“The [UK] Royal Society of medicine is debating whether embryonic gene editing will improve the health of future generations. So is this the future of medicine? Or could it be the thin end of the wedge… the first step in the direction of designer babies.
Speaking against the motion is the actress Kiruna Stamell who has dwarfism. She thinks society should be working to make it easier for people to live with a disability and wonders why for global warming’s sake we aren’t gene editing people to be her size.” See the video.
“An influential science advisory group formed by the National Academy of Sciences and the National Academy of Medicine on Tuesday lent its support to a once-unthinkable proposition: clinical efforts to engineer humans with inheritable genetic traits.
In a report laden with caveats and notes of caution, the group endorsed the alteration of human eggs, sperm and embryos — but only to prevent babies from being born with genes known to cause serious diseases and disability, only when no “reasonable alternative” exists, and only when a plan is in place to track the effects of the procedure through multiple generations.” Read More.
Genetic counselor Robert Resta offers a critique of prenatal screening’s “mission creep” and lays out the things that should be in place–but aren’t–in order to support informed choices about prenatal screening.
Recent advances in genetic testing technology have us poised on the brink of a new paradigm of prenatal diagnosis – prenatal screening for all genetic and chromosomal conditions. Okay, not all disorders, but lots. Non-invasive Prenatal Testing (NIPT), whole exome sequencing, and expanded carrier screening are close to being available and affordable to a large proportion of the population. This is the culmination of a trend that began with the introduction of amniocentesis in the late 1960s, followed by ultrasonography, maternal serum screening, microarrays, and cell free placental DNA in maternal serum. From a strictly technical standpoint, each technology, while far from perfect, was an improvement on its predecessors in terms of accuracy, detection, false positive rates, and the range of detectable genetic conditions.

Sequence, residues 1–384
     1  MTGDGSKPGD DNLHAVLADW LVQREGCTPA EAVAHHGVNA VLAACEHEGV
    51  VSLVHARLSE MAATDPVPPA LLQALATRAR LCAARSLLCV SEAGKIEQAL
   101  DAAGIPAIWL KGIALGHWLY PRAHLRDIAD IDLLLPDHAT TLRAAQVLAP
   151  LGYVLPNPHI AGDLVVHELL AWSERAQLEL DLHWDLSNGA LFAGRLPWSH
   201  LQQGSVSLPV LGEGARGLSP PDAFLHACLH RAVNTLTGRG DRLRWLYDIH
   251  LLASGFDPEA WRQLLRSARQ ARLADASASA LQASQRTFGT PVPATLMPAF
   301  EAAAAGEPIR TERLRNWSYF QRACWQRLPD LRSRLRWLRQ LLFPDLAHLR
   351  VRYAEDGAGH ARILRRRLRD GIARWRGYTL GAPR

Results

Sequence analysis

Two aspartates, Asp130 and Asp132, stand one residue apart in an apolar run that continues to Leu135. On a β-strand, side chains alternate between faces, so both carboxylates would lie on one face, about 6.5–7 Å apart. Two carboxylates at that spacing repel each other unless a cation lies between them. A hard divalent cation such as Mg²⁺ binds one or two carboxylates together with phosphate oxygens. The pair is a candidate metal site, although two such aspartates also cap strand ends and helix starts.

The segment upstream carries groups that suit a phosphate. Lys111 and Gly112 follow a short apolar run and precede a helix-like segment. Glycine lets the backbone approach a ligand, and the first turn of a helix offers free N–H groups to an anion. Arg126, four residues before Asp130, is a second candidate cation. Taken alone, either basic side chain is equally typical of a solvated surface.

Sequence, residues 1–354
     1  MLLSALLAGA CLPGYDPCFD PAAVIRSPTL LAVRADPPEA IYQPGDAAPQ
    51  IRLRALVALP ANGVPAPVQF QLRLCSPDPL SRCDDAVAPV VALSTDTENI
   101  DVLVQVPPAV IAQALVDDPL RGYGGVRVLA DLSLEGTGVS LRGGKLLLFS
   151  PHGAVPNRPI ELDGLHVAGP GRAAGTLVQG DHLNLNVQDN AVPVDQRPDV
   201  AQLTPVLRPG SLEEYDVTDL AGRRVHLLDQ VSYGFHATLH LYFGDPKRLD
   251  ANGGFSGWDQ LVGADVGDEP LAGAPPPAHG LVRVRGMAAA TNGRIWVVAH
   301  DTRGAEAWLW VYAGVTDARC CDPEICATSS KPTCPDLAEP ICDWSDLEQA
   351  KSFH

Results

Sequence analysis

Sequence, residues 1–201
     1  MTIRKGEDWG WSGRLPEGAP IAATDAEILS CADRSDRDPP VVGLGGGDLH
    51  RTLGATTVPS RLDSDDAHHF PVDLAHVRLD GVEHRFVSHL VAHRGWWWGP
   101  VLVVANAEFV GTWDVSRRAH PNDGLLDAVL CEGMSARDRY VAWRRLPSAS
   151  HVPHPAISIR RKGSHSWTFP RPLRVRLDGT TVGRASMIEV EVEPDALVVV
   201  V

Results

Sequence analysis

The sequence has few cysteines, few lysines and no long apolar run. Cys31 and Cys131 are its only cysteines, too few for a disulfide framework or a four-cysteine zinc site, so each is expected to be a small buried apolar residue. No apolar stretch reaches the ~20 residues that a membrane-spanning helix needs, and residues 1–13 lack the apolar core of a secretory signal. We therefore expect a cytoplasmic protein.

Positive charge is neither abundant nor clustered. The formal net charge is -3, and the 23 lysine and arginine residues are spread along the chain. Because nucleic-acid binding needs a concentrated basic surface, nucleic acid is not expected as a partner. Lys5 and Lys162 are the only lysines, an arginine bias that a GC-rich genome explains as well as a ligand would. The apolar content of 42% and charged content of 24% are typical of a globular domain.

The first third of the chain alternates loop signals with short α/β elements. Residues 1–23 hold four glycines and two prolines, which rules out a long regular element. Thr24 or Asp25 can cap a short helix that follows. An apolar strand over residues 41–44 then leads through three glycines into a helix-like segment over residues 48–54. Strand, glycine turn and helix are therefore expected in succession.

On the surface, this sounds like progress, and it is, in many ways. These technologies can contribute to the reduction of the incidence genetic conditions, some of which…
PIRC members Megan Allyse, Katie Stoll, and Marsha Michie co-authored a new article in Genetics in Medicine on conflicts of interest in genetic counselors who work for commercial laboratories that sell prenatal genetic tests.
“As an employee of the company, a genetic counselor has two interests: following practice guidelines and benefitting their employer. These two interests are not always in conflict, but the potential exists. And while commercial laboratories may highlight genetic counseling by a laboratory-provided genetic counselor as a value-added service benefitting patients, it may not always be obvious to patients that they are receiving genetic counseling from an employee of a genetic testing company.”
A study published today in the American Journal of Medical Genetics Part A finds that out-of-pocket medical costs of having a child with Down syndrome average less than $100 a month over the first 18 years of life. The study compared both out-of-pocket and insurance-covered costs for children with Down syndrome and matched peers without Down syndrome and found that, over the first 18 years, the additional medical costs of having a child with Down syndrome averaged $18,248 for families and $230,043 for insurers.
The authors found that medical expenses were highest in the first year of life, when children with Down syndrome are most likely to need surgeries that require a hospital stay. However, the average additional cost to families is perhaps surprisingly low, given the perception that children with Down syndrome incur burdensome medical costs. “I think many people will be surprised to learn that parents have few extra medical expenses when raising a child or adolescent with Down syndrome, since health insurance covers most of the costs,” said Dr. Brian Skotko, director of the Massachusetts General Hospital (MGH) Down Syndrome Program and a co-author of the study, in a MGH press release. “I hope our findings can help families better prepare for their own financial futures.”
For more information about life with Down syndrome, see the MGH Down Syndrome Program website, or download free materials at lettercase.org.